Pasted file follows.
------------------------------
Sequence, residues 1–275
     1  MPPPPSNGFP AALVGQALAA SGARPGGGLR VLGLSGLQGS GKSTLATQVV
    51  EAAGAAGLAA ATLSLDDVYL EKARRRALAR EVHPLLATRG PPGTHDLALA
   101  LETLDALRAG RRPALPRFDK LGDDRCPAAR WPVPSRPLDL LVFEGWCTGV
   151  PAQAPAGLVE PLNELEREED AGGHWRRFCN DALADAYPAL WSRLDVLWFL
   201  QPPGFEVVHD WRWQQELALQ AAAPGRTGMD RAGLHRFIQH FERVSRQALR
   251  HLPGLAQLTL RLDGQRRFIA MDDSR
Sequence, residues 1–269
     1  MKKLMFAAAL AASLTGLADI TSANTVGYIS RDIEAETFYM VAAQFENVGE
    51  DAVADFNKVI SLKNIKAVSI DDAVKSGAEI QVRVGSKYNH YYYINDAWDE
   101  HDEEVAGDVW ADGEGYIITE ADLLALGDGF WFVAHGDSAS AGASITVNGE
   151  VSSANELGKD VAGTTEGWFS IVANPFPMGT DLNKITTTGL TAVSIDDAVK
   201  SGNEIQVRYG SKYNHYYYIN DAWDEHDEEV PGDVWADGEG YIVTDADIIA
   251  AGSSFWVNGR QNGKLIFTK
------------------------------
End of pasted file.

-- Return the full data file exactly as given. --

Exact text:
Sequence, residues 1–275
     1  MPPPPSNGFP AALVGQALAA SGARPGGGLR VLGLSGLQGS GKSTLATQVV
    51  EAAGAAGLAA ATLSLDDVYL EKARRRALAR EVHPLLATRG PPGTHDLALA
   101  LETLDALRAG RRPALPRFDK LGDDRCPAAR WPVPSRPLDL LVFEGWCTGV
   151  PAQAPAGLVE PLNELEREED AGGHWRRFCN DALADAYPAL WSRLDVLWFL
   201  QPPGFEVVHD WRWQQELALQ AAAPGRTGMD RAGLHRFIQH FERVSRQALR
   251  HLPGLAQLTL RLDGQRRFIA MDDSR
Sequence, residues 1–269
     1  MKKLMFAAAL AASLTGLADI TSANTVGYIS RDIEAETFYM VAAQFENVGE
    51  DAVADFNKVI SLKNIKAVSI DDAVKSGAEI QVRVGSKYNH YYYINDAWDE
   101  HDEEVAGDVW ADGEGYIITE ADLLALGDGF WFVAHGDSAS AGASITVNGE
   151  VSSANELGKD VAGTTEGWFS IVANPFPMGT DLNKITTTGL TAVSIDDAVK
   201  SGNEIQVRYG SKYNHYYYIN DAWDEHDEEV PGDVWADGEG YIVTDADIIA
   251  AGSSFWVNGR QNGKLIFTK